Miggy should clean up as MVP
Oversized Tigers’ slugger unstoppable force in AL
THANK you, Miguel Cabrera. You too, Josh Hamilton. From someone who is voting for the American League Most Valuable Player award, it’s really nice to have an easy choice when you write the first name on the ballot — or type it, actually, as the Baseball Writers Association of America has gone to digital voting. Who says we are unable to adapt?
For the second year in a row, the Tigers’ oversized third baseman gets the nod over the Angels’ ultra- athletic, ultraproductive Mike Trout for a fundamental reason — his team will be playing in October. Trout’s will not, for reasons that have a lot more to do with Hamilton’s disappointing season and Albert Pujols’ fragile health than anything Trout could control.
The Wins Above Replacement stat likes Trout over Cabrera for the second year in a row, but to a majority of voters, context still matters. At least that’s what the 2012 vote suggests. I know context matters to me. That would have been just as true if I had been voting in the National League MVP race, where Andrew McCutchen’s all- around play for a Pirates team that ended its 20- year losing streak with a bang trumps Paul Goldschmidt’s superior run production for the also- ran Diamondbacks.
As for Miggy, he would have been the first player to earn the Triple Crown in back- to- back seasons if not for Chris Davis’ ridiculous first half of the season, which put the Orioles slugger in position to win the home run title and stay neck and neck with Cabrera for the RBI crown. Cabrera has replaced Pujols as the hitter pitchers most hate to face in big spots, and the big fellow will be only 30 when the 2014 season begins.
For Dave Dombrowski, the Tigers’ general manager, he’s the player acquisition that just keeps on paying and paying, with no end in sight. Here’s a look at the AL MVP ballot I will submit and my theoretical one in the NL:
1. Cabrera, Tigers; 2. Trout, Angels; 3. Josh Donaldson, A’s; 4. Dustin Pedroia, Red Sox; 5. Jason Kipnis, Indians; 6. Chris Davis, Orioles; 7. Robinson Cano, Yankees; 8. Evan Longoria, Rays; 9. Manny Machado, Orioles; 10. Shane Victorino, Red Sox.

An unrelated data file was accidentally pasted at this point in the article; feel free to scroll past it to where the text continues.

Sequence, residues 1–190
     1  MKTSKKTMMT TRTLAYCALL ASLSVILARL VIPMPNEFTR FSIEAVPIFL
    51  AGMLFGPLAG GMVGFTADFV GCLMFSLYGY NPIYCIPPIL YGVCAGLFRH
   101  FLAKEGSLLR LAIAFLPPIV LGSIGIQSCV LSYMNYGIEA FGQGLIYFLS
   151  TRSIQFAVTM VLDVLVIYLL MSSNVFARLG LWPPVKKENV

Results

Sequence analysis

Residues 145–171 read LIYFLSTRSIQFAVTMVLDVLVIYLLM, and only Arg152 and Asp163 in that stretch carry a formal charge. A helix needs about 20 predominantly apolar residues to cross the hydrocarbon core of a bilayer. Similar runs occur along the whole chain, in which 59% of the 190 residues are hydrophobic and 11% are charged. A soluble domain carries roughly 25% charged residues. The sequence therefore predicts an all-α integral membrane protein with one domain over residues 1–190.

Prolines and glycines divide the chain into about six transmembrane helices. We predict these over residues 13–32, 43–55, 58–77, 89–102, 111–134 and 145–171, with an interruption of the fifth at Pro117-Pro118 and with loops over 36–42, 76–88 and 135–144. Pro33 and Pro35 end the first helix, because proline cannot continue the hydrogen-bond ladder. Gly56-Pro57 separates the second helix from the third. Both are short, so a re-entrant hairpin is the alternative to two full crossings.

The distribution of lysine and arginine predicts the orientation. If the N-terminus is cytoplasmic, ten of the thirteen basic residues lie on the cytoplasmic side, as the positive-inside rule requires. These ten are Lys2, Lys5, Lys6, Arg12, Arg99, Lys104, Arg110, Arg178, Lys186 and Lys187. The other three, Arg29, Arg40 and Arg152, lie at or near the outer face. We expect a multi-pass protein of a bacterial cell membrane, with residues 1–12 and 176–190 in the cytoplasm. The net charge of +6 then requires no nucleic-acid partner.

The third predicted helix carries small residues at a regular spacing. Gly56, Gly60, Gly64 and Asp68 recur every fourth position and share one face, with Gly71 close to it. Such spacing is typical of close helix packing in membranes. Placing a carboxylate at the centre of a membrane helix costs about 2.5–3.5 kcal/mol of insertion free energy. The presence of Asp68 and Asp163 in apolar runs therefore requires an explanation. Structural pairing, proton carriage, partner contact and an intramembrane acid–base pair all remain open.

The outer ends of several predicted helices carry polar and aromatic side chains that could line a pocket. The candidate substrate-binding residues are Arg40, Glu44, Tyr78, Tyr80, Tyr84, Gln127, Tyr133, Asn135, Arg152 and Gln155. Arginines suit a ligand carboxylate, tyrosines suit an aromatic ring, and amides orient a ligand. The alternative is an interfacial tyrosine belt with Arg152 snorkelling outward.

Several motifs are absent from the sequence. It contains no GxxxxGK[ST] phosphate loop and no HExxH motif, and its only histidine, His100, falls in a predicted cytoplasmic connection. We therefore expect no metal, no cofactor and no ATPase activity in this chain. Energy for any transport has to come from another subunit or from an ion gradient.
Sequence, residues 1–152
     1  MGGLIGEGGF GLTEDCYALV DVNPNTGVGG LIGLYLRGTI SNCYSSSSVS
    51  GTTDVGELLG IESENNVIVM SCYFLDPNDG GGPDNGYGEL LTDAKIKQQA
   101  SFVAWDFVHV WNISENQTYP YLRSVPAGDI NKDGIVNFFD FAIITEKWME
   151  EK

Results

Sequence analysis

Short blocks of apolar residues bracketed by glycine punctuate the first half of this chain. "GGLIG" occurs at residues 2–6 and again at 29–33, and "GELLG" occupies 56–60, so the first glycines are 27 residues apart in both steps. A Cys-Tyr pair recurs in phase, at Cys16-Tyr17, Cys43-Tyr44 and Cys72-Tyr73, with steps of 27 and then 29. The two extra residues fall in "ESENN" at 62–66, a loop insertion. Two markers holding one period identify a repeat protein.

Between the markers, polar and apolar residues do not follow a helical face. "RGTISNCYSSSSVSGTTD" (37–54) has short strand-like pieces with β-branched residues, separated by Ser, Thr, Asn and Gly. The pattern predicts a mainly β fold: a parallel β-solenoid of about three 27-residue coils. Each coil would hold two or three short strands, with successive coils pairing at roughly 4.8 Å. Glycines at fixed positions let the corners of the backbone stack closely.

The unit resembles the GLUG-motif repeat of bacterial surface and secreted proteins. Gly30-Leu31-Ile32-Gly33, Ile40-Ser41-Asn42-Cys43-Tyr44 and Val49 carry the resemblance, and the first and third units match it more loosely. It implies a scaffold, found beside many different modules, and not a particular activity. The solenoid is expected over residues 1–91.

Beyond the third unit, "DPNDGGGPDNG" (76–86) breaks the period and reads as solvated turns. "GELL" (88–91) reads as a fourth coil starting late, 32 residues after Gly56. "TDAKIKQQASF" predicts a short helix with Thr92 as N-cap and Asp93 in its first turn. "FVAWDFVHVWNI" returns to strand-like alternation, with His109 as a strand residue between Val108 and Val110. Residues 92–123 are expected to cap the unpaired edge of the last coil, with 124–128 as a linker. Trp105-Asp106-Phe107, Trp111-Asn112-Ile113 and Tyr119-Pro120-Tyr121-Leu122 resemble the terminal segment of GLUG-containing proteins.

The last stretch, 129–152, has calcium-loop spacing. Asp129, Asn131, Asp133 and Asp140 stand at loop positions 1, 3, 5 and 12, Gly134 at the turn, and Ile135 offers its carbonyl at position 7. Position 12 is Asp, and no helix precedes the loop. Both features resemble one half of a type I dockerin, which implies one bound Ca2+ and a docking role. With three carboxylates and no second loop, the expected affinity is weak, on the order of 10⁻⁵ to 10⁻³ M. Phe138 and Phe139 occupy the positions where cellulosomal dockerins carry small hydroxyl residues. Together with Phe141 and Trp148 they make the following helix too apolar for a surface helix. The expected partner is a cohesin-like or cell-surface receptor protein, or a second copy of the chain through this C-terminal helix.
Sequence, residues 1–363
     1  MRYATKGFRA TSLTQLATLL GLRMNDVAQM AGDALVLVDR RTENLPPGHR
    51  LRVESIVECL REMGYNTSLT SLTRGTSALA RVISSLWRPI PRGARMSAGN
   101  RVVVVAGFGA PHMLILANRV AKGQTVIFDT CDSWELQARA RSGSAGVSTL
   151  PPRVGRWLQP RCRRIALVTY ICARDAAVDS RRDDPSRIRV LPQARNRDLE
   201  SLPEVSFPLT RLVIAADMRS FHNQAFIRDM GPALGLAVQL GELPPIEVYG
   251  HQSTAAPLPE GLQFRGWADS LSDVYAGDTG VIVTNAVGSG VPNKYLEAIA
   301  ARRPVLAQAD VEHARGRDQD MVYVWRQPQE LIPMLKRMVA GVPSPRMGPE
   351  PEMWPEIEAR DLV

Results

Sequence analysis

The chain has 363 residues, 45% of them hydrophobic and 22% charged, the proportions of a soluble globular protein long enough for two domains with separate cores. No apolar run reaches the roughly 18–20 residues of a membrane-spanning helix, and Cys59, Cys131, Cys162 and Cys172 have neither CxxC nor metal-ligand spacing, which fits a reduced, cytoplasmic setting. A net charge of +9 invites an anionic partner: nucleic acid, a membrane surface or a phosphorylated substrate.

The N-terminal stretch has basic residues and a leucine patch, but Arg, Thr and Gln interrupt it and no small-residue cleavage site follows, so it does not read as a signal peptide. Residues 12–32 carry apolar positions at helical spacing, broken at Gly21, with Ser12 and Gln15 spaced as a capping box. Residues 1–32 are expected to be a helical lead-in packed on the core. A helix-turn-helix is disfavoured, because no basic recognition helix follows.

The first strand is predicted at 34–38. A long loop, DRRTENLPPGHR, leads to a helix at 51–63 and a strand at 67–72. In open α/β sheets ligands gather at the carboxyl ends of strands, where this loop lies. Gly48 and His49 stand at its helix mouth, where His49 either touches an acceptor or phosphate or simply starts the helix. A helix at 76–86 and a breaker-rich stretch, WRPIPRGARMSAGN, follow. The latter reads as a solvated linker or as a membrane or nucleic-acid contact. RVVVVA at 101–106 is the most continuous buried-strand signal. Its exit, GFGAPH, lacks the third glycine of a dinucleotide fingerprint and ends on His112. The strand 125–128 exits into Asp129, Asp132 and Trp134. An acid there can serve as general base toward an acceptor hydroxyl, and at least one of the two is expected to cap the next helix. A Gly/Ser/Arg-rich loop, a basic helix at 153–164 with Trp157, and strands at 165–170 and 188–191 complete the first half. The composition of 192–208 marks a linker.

1. McCutchen, Pirates; 2. Yadier Molina, Cardinals; 3. Goldschmidt, Diamondbacks; 4. Hanley Ramirez, Dodgers; 5. Andrelton Simmons, Braves; 6. Matt Carpenter, Cardinals; 7. Carlos Gomez, Brewers; 8. Freddie Freeman, Braves; 9. Joey Votto, Reds; 10. Yasiel Puig, Dodgers. As for the other awards:
Before his loss Sept. 3 at Boston, the Tigers’ Max Scherzer had a legitimate chance to finish with the best winning percentage in history, breaking the Elroy Face record that had stood since 1959. He would lose back- to- back starts, but who is going to argue against 21- 3?
There are ways that you can argue that White Sox left- hander Chris Sale outpitched Scherzer, but it’s tough to make a case that he’s a true equivalent of Felix Hernandez in 2010, when sabermetrics carried him to a Cy Young after a 13- 12 season. Hernandez not only had statistical analysis on his side, but he threw 2492/ 3 innings that year, 12 more than anyone else. Here’s how I line up the ballot behind Scherzer: 2. Yu Darvish, Rangers; 3. Sale, White Sox; 4. Hisashi Iwakuma, Mariners; 5. Clay Buchholz, Red Sox.
Like the Tigers’ Cabrera, Clayton Kershaw makes it easy on voters. This is his third straight year to lead the majors in ERA, a staggering achievement for a 25- year- old. He makes it look so easy, but you know it’s not. It can’t be, right? The rest of the ballot: 2. Adam Wainwright, Cardinals; 3. Jordan Zimmermann, Nationals; 4. Jose Fernandez, Marlins; 5. Matt Harvey, Mets.
How do you break the tie between Fernandez and Puig? Either would be an easy winner in many seasons, but one is going to have to finish second. Fernandez was the more consistent of the two Cubans, so he gets the call over his electrifying countryman, as well as Cardinals slugger Matt Adams and a strong crop of rookie pitchers. Here’s my ballot after Fernandez: 2. Puig, Dodgers; 3. Hyun- jin Ryu, Dodgers.
This crop is almost as strong at the top as the NL’s, with Wil Myers suffering only because the Rays waited so long to promote him. Jose Iglesias was a lifesaver for two franchises this season. He was an offensive force out of the gate for the Red Sox, filling in for Will Middlebrooks at third base, and then became the glue guy for the Tigers after Dombrowski realized he was going to lose Jhonny Peralta to a Biogenesis suspension. But the Rays don’t recover from a 24- 24 start without Myers. He gets the call. 2. Iglesias, Tigers; 3. Dan Straily, A’s.
Clint Hurdle’s optimism turned around the Pirates, who overcame disastrous second halves in 2011 and ’ 12 to go the distance and reach the playoffs this time around. Their run differential wasn’t close to those of the Cardinals and Reds, but they hung with them all season, a tribute to Hurdle’s ability to put the players around McCutchen into the right spots. The runners- up: 2. Mike Matheny, Cardinals; Don Mattingly, Dodgers.
It’s tempting to reward Terry Francona for doing an amazing job with the Indians, but he actually took over a more positive situation — thanks to off- season acquisitions — than did John Farrell in Boston. The Red Sox obviously have a ton of talent, but give Farrell credit for steadying the ship after the tumultuous 2012 season under Bobby Valentine and Francona’s ugly exit the year before. I’m going with Farrell, but there would be nothing wrong with Francona winning. My runners- up: 2. Francona; 3. Joe Girardi, Yankees.
— Chicago Tribune
Miguel Cabrera was almost the first player to win back- to- back Triple Crowns.